Our last pass for this trip was Duchula pass at 3116 meters altitude. Surprise, surprise the entire road was already asphalted and nearly finished. What a difference in driving and speed! We had lunch on top of the pass, which reminded us of a rest station at an Autobahn. Food was better than in Germany but barely. On top of the pass are 108 chortens (stupas) in a circular fashion. The Druk Wangyal Chortens.
Circling the chortens & stupas
Most cars and trucks of course drive around those chortens in a big circle before continuing on their way. Unfortunately the weather did not allow for a nice panoramic view of the Himalayas. Obviously we didn’t circle enough stupas to receive enough blessings to grant as this usually glorious view.
Reaching the capital
Swiftly we drove down and right before we hit Thimpu city, we made one last stop at the Simtokha Dzong Monastery. It is considered the oldest monastery in its original form and still in use, albeit somewhat less important now. Our guide Norbu of course was donning his official attire, the Gho which is mandatory for Bhutanese men at all visits to official sites like Dzongs, etc. For those even the white scarf called Kabney, that is draped around the body in specific fashion is a must. There are quite a few monks in the temple performing a ceremony, judging by the ‘Adiletten-Parkplatz’ on the front stairs to the temple. We even saw some original style footwear ‘parked’ outside.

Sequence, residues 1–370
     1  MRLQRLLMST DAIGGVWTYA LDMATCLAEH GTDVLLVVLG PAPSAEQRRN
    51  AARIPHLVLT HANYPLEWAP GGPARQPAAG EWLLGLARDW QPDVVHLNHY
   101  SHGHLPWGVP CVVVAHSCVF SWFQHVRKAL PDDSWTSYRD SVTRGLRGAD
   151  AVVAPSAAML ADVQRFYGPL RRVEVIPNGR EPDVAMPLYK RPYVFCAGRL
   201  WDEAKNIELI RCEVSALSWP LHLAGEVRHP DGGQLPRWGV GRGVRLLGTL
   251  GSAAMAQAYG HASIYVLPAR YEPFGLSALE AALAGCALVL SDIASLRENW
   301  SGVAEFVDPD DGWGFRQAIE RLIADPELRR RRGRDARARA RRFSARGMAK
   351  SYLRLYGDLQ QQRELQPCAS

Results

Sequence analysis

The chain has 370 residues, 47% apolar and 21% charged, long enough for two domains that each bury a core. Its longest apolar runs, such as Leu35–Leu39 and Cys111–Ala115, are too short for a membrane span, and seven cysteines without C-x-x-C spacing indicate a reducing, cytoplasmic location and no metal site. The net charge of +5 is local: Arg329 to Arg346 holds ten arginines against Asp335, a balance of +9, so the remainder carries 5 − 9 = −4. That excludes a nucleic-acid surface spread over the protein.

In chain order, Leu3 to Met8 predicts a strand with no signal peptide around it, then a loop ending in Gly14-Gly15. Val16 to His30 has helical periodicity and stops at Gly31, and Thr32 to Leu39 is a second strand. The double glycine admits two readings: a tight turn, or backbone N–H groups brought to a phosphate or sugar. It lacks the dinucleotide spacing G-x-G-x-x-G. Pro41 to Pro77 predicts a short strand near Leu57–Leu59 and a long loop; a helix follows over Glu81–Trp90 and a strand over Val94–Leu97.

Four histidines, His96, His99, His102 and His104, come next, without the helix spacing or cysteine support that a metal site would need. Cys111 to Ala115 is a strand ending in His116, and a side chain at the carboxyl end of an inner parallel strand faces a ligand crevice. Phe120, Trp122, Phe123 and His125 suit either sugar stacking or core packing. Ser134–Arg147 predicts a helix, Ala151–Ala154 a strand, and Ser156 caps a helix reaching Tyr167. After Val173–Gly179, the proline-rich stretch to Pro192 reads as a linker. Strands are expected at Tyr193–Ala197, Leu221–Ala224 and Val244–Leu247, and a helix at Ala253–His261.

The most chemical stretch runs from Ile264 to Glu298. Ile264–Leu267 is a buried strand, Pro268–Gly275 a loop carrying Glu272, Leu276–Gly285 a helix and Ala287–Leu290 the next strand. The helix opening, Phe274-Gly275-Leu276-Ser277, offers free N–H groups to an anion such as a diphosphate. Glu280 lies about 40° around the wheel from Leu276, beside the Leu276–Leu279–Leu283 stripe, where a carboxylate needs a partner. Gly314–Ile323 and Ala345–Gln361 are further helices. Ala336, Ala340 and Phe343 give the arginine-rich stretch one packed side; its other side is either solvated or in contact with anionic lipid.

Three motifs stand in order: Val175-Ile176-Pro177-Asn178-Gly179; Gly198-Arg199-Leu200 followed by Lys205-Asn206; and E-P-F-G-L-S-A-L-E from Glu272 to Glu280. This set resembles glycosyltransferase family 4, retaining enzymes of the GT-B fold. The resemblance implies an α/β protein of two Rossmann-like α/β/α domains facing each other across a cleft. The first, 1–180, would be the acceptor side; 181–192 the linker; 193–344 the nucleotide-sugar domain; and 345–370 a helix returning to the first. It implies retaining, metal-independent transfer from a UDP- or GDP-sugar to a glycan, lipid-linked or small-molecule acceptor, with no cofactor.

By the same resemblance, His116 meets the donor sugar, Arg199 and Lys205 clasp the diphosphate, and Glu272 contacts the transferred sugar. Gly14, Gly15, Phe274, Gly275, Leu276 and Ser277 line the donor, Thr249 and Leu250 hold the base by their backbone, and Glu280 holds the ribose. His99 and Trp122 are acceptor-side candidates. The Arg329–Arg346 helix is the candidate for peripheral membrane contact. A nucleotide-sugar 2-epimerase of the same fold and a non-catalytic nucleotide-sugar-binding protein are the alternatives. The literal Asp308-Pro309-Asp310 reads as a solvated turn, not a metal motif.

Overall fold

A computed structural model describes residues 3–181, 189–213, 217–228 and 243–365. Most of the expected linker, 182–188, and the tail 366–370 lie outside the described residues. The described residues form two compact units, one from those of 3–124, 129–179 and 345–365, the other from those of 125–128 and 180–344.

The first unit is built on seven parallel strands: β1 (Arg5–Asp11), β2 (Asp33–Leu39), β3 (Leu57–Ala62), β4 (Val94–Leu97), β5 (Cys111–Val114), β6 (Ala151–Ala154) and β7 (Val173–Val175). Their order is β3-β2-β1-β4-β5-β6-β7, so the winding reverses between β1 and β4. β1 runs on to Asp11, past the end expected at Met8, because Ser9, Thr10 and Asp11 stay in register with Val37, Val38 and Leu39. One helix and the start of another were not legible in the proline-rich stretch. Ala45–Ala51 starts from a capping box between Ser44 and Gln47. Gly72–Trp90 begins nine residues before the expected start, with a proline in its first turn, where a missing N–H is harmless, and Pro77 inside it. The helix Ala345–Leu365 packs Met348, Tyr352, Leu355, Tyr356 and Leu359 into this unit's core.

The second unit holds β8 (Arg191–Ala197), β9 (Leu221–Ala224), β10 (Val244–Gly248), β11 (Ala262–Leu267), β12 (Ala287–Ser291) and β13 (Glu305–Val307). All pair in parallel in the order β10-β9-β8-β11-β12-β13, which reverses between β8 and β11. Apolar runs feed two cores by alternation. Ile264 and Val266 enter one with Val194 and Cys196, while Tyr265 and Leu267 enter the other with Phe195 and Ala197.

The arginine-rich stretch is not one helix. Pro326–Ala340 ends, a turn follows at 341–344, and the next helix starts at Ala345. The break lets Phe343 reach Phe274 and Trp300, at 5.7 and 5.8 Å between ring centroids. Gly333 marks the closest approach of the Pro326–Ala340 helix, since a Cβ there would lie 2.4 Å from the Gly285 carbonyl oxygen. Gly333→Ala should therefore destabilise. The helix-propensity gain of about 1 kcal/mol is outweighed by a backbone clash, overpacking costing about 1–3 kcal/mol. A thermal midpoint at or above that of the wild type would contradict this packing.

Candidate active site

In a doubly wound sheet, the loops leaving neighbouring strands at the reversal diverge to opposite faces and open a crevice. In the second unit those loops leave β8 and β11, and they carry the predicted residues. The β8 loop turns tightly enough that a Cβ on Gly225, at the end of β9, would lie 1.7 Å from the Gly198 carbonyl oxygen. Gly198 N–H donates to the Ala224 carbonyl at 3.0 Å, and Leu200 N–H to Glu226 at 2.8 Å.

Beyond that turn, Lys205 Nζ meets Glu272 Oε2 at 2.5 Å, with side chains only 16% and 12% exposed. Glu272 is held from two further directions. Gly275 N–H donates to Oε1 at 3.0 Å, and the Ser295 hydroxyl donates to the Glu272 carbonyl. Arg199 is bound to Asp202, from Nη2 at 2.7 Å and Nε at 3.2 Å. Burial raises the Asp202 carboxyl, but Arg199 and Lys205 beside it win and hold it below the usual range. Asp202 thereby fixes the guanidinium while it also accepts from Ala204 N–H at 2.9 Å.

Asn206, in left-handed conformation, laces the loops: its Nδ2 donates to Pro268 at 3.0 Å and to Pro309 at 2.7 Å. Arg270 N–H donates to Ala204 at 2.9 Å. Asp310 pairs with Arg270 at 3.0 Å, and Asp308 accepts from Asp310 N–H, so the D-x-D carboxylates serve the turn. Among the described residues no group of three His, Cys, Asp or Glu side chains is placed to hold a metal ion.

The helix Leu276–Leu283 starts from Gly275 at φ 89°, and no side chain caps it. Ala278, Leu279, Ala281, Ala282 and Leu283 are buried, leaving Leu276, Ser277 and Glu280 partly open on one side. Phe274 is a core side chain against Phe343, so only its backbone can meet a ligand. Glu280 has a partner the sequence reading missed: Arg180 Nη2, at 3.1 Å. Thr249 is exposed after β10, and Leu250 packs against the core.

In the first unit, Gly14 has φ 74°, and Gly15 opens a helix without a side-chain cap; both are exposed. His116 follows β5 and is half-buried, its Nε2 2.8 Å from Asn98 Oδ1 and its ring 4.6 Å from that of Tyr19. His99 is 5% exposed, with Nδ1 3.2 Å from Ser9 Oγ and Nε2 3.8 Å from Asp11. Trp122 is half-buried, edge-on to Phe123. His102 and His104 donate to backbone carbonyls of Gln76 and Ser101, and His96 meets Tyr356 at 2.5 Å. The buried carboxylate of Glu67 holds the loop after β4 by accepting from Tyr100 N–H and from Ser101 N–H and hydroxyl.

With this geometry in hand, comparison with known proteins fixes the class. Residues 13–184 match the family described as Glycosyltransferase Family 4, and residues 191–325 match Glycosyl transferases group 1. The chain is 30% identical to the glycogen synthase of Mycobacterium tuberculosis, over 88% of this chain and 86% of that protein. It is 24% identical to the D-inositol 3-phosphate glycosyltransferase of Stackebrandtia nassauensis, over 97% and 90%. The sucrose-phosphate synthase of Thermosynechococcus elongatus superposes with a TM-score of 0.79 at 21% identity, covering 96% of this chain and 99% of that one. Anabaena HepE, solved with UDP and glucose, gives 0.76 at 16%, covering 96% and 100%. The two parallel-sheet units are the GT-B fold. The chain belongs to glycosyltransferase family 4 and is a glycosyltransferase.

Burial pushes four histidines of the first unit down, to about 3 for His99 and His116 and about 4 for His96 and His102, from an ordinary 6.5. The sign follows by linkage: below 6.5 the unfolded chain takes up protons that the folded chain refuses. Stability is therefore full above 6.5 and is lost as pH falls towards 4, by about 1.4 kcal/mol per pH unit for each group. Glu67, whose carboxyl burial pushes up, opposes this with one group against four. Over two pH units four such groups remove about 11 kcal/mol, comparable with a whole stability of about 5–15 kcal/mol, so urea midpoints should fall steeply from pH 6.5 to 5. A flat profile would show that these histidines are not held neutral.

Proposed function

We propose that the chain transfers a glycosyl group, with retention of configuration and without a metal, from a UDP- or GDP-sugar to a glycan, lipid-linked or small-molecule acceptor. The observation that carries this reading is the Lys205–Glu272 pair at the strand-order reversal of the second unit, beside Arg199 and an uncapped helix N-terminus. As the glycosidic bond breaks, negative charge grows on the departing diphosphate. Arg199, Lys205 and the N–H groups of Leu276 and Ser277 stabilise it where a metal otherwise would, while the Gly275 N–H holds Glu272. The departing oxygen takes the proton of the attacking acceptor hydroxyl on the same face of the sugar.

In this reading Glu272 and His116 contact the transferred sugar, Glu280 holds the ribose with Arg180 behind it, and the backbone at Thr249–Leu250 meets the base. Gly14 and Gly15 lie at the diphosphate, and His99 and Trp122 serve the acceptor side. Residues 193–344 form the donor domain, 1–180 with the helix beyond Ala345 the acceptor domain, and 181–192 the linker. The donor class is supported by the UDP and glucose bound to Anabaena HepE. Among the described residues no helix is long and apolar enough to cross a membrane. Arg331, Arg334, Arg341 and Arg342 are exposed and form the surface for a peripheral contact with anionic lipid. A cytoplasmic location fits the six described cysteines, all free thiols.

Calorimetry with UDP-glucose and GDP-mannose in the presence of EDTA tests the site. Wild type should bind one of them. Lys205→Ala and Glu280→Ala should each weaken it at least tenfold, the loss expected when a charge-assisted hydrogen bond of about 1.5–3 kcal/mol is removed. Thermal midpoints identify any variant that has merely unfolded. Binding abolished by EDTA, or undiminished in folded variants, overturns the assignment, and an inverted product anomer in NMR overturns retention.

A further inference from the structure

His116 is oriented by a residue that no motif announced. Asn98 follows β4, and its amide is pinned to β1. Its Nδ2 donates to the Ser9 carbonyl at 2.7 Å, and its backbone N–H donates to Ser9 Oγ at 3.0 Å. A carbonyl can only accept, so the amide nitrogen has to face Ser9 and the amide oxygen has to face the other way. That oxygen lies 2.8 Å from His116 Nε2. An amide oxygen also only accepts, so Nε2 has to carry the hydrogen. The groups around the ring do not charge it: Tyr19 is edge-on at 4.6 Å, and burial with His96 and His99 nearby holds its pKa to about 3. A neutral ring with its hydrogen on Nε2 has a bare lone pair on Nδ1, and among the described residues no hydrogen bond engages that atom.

We had the privilege of listening in and seeing the ceremony up close. The monotonous chanting is only accompanied by a few instruments. Drums, Bhutanese oboe, trumpet and cymbals. I would not consider that a music that’s easy to get used to or pleasant to the ear but it is strangely calming after listening to it for a while.
Stepping out of the monastery and around the building we were treated with the whole panoramic view of Thimpu valley as it stretched out in front of us. We were finally arrived at the ‘New York’ of Bhutan as Norbu called it with a smirk.